# Thread: [SOLVED] First order homogeneous ODE

1. ## [SOLVED] First order homogeneous ODE

Another one from G.F.Simmons' "Differential Equations": Chapter 2 Miscellaneous Exercises no. 20:

$\left({y^2 - 3 x y - 2 x^2}\right) dx = \left({x^2 - xy}\right) dy$

This can be put in the format:
$\frac {dy} {dx} = \frac {y^2 - 3 x y - 2 x^2} {x^2 - xy} = \frac {\left({\frac y x}\right)^2 - 3\left({\frac y x}\right) - 2} {1 - \left({\frac y x}\right)}$

Substituting $z = \frac y x$, from which $x \frac {dz}{dx} + z = \frac {dy} {dx}$

$x \frac {dz}{dx} = \frac {z^2 - 3 z - 2} {1 - z} - z = \frac {z^2 - 3 z - 2} {1 - z} - \frac {z - z^2} {1 - z} = \frac {2 z^2 - 4 z - 2} {1 - z}$

$\int \frac {1 - z} {2 z^2 - 4 z - 2} dz = \int \frac {dx} x$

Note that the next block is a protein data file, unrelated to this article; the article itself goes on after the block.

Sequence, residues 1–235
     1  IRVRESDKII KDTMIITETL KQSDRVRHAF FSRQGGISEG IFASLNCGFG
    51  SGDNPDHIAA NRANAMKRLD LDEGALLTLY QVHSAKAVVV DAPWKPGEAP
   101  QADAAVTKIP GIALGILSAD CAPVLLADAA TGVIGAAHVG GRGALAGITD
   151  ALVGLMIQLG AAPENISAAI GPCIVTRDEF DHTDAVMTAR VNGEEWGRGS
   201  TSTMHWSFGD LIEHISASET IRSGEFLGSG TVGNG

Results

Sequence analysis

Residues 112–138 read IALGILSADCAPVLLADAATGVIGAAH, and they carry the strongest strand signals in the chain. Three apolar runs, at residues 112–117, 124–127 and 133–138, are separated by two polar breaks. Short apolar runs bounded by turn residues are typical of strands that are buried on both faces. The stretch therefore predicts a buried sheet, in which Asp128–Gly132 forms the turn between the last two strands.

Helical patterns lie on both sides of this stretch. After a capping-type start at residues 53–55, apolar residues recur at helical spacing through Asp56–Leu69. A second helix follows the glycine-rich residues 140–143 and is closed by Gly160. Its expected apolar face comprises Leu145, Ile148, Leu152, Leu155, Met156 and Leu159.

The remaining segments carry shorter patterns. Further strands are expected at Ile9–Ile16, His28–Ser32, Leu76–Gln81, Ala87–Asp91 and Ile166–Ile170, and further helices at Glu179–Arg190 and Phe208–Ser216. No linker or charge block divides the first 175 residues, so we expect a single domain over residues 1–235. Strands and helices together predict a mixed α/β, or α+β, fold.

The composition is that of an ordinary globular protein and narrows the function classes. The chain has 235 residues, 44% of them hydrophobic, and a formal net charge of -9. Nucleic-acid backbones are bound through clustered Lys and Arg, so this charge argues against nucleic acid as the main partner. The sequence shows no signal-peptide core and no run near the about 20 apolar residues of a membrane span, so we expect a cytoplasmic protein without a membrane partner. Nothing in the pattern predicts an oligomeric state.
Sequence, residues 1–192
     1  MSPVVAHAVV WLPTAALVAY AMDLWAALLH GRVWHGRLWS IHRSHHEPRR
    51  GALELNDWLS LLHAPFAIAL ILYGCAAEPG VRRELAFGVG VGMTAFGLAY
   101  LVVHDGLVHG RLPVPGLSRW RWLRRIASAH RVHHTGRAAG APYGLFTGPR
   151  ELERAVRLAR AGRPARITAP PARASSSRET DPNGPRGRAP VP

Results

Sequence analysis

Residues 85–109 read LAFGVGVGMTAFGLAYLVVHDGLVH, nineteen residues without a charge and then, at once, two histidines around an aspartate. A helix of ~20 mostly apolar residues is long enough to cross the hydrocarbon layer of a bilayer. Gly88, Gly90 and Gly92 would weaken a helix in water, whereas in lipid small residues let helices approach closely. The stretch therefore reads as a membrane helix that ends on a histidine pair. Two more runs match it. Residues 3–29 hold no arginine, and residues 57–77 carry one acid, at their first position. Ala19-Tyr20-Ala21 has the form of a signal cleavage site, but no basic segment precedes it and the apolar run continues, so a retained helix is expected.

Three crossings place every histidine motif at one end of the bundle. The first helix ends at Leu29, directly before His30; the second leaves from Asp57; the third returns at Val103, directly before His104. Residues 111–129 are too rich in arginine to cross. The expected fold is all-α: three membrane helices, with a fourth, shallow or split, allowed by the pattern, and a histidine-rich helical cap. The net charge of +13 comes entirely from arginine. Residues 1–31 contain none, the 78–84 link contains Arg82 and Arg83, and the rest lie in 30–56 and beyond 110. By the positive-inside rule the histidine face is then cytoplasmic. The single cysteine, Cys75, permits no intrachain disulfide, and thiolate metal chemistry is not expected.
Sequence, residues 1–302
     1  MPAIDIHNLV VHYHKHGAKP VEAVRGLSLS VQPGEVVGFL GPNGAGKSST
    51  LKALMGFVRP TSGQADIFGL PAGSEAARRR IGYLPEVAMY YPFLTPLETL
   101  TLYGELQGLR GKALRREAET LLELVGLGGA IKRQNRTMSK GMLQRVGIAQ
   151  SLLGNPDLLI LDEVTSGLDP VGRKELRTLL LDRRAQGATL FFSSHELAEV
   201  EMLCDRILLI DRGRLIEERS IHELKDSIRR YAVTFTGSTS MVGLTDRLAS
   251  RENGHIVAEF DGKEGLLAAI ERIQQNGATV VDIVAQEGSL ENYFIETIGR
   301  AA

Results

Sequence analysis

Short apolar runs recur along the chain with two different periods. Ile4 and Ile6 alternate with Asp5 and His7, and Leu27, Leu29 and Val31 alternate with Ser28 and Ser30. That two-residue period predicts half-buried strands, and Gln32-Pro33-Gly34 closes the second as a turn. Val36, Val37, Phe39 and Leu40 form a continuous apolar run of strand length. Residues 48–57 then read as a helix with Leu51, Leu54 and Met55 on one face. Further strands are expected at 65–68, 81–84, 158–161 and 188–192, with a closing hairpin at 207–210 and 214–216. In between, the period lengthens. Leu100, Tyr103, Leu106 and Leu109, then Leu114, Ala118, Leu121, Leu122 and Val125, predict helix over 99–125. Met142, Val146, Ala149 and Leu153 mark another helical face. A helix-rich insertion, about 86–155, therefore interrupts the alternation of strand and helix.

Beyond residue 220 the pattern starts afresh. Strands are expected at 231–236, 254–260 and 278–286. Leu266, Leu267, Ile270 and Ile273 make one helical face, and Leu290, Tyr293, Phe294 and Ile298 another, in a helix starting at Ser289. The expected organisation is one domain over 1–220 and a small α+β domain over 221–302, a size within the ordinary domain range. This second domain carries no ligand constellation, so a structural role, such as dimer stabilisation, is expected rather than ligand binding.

Flogging through the calculus and after tidying up:
$\sqrt 2 \ln \left({\frac {z + 1 - \sqrt 2} {z + 1 + \sqrt 2}}\right) = \ln \left({2 z^2 - 4 z - 2}\right) = 4 \ln x$

which is miles away from the given answer:
$x^2 y^2 - 2 x^3 y - x^4 = C$
(although that $x^4$ looks promising)

If I try solving it by doing:
$\frac {dx} {dy} = \frac {x^2 - xy} {y^2 - 3 x y - 2 x^2}$

and dividing T&B by $x^2$ and substuting $z = \frac x y$ it's even worse.

I must be doing something fundamentally wrong in the first few lines but for the life of me I can't work out what.

2. Your mistake is at the point where you say 'This leads to the messy:'.
The integral on the LHS is of the standard form
$\int \frac{f'(x)}{f(x)} dx = \ln{f(x)} + C$
(after you have multiplied top and bottom of the integrand by -4 ).
$-4\ln x$ which then creates a $\frac{C}{x^4}$.
I suspect that if I try it again and take more care over my signs, the messy glob of $\sqrt 2 \ln ...$ stuff will magically vanish. It ought to, the same result should be obtainable whatever the technique.